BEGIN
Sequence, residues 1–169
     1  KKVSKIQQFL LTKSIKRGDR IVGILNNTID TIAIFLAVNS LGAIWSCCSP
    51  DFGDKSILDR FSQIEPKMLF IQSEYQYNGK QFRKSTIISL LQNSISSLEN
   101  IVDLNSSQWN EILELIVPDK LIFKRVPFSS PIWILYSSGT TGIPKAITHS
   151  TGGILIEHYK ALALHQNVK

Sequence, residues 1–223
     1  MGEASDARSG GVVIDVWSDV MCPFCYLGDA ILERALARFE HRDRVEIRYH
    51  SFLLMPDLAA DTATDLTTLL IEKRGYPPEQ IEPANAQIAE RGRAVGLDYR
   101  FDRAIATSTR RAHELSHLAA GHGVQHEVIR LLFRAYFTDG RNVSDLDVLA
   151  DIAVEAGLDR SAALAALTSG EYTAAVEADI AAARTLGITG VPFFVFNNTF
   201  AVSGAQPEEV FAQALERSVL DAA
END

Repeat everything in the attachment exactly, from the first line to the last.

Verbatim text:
Sequence, residues 1–169
     1  KKVSKIQQFL LTKSIKRGDR IVGILNNTID TIAIFLAVNS LGAIWSCCSP
    51  DFGDKSILDR FSQIEPKMLF IQSEYQYNGK QFRKSTIISL LQNSISSLEN
   101  IVDLNSSQWN EILELIVPDK LIFKRVPFSS PIWILYSSGT TGIPKAITHS
   151  TGGILIEHYK ALALHQNVK

Sequence, residues 1–223
     1  MGEASDARSG GVVIDVWSDV MCPFCYLGDA ILERALARFE HRDRVEIRYH
    51  SFLLMPDLAA DTATDLTTLL IEKRGYPPEQ IEPANAQIAE RGRAVGLDYR
   101  FDRAIATSTR RAHELSHLAA GHGVQHEVIR LLFRAYFTDG RNVSDLDVLA
   151  DIAVEAGLDR SAALAALTSG EYTAAVEADI AAARTLGITG VPFFVFNNTF
   201  AVSGAQPEEV FAQALERSVL DAA